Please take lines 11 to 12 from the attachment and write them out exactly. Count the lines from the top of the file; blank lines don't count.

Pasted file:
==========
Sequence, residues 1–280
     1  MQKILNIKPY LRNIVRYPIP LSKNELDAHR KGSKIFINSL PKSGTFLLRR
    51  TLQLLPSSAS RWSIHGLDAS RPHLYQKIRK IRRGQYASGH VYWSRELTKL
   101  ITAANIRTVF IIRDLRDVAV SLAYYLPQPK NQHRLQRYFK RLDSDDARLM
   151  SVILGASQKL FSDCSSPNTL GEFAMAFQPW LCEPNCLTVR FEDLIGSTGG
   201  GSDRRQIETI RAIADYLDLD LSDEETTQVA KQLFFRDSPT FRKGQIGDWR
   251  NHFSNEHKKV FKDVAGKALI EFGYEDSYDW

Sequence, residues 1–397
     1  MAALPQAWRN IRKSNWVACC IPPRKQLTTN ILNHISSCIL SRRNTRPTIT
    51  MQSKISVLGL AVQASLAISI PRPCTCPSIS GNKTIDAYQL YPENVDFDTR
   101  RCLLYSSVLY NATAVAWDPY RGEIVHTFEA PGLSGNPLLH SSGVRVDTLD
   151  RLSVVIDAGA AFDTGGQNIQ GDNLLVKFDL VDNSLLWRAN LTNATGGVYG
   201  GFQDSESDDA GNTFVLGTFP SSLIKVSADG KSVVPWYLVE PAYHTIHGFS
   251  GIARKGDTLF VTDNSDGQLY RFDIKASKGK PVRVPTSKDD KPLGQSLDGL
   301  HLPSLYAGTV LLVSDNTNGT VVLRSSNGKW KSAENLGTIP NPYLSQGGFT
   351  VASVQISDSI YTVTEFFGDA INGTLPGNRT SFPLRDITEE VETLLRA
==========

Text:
   101  RCLLYSSVLY NATAVAWDPY RGEIVHTFEA PGLSGNPLLH SSGVRVDTLD
   151  RLSVVIDAGA AFDTGGQNIQ GDNLLVKFDL VDNSLLWRAN LTNATGGVYG